When was the last time that you took a moment to celebrate yourself – not because you did or didn’t do something – but simply to celebrate yourself, your life, your body, your challenges, your struggles, your wins? Can you remember a time?
For most of us, celebration is reserved for the days of the calendar where we’re relieved of our work responsibilities – Hello Memorial Day! Or, it’s synonymous with religious holidays, birthdays and important milestones. When we think of celebration, we think of the singular, pinnacle moments of life where we’ve met a goal or accomplished some great feat. We celebrate what’s good, what we appreciate and what we love. Rarely, if ever, do we celebrate our struggles, challenges, failures or discomfort. We don’t want to talk about what we’re going through, much less celebrate it.
For so many years, my answer to every struggle was two words: I’m fine. When I was battling an eating disorder in my 20’s, I’m fine. When I struggled with deep bouts of depression, I’m fine. When I was coming to terms with my sexuality and in the process of coming out four years ago, I’m fine.
I didn’t want to talk about my struggles and I sure as hell didn’t want to celebrate it. It was easier, in my mind, to say I’m fine and push all my shit down.
Until I realized I wasn’t.
When I started to come to my mat and practice yoga, I realized I wasn’t fine and as much as I tried to tuck all my junk underneath the corners of the mat, my practice brought it right back up to the surface.
The first few months of practicing yoga was intense and emotional and I often found myself crying in class, something I never allowed myself to do in front of family and friends, much less in public. But, on my mat I found that I couldn’t simply put on the mask of I’m fine and get on with it – with each breath, I was being called to tune into every sensation, from the physical to the emotional. And I started to realize how my mat was an invitation to exist in every moment, to celebrate the beauty and mess of it all. It was an invitation I didn’t always accept, but the invitation was always there and whatever I didn’t accept from the week prior, was still there waiting for me the next time I found myself on my mat. It was like having an emotional “Inbox” and the only way to “clear it out” was to actively allow myself to feel what I needed to heal on my mat.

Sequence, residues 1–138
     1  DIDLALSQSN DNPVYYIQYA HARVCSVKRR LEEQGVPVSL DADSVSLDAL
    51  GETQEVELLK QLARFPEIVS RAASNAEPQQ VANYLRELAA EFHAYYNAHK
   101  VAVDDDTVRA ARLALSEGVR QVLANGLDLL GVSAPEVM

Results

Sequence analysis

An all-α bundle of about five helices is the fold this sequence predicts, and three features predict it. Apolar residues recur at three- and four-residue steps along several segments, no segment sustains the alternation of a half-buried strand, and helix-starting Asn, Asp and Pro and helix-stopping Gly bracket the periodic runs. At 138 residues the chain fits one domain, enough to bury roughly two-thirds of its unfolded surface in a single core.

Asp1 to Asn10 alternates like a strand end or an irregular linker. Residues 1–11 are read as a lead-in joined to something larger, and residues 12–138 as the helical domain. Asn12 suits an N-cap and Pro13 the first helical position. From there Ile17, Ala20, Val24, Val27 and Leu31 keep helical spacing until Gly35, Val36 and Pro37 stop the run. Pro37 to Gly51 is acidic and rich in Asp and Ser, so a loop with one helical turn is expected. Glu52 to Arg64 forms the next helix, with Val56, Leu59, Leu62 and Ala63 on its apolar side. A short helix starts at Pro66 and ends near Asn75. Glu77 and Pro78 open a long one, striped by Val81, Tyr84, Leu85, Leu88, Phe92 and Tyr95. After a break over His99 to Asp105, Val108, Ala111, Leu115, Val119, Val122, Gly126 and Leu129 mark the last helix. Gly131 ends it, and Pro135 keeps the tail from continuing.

As time when on, I found that there existed a “mat” outside the studio doors. My teachers had often talked about taking your yoga with you and especially after an intense class I’d be like, No homie, we cool. I’m gonna leave this shit right here. But here’s the thing: the real-life logs don’t just wait for you until you come back to your mat. Don’t get me wrong, you’ll still find them during your practice, but the real-life logs and the opportunity to exist in them happen on the proverbial mat outside the studio doors. I began to realize that I couldn’t gloss over my struggles with I’m fine anymore. I couldn’t simply hold in the intense emotions I was feeling or wait until my next yoga class to dump it all out. Every moment of my life was an invitation to revel, to celebrate where I was, no matter how I was feeling. And each moment I accepted the challenge, the more free I allowed myself to feel.
In life, we all have a mat – we all have an invitation to be fully present with what is. More than this, this invitation, like any type of invitation you’d receive, is an opportunity to celebrate the full spectrum of how you feel.
It’s an opportunity to celebrate the beauty and the mess.
It’s the opportunity to celebrate your depression and the fact that you made it onto your mat for class.
It’s the opportunity to celebrate your body struggles and the greater levels of self-acceptance and love you have because of them.
It’s the opportunity to celebrate the broken relationships and your mending heart.
It’s an invitation to stop “shoulding” all over yourself.
It’s an invitation to stop saying you’re “fine”, ‘cause trust me, you aren’t. Fine is the most disrespectful 4 letter F-word that we can use to describe our lives.
Celebration is a practice – and a tough one at that. It’s a practice of radical self-acceptance and love and one that only comes from inviting our “stuff” onto our “mats”.
The reality is we build our life in every moment, but it’s the struggles and challenges that show us how capable we are, and it’s the celebration of those difficult moments that truly allow us to access our power.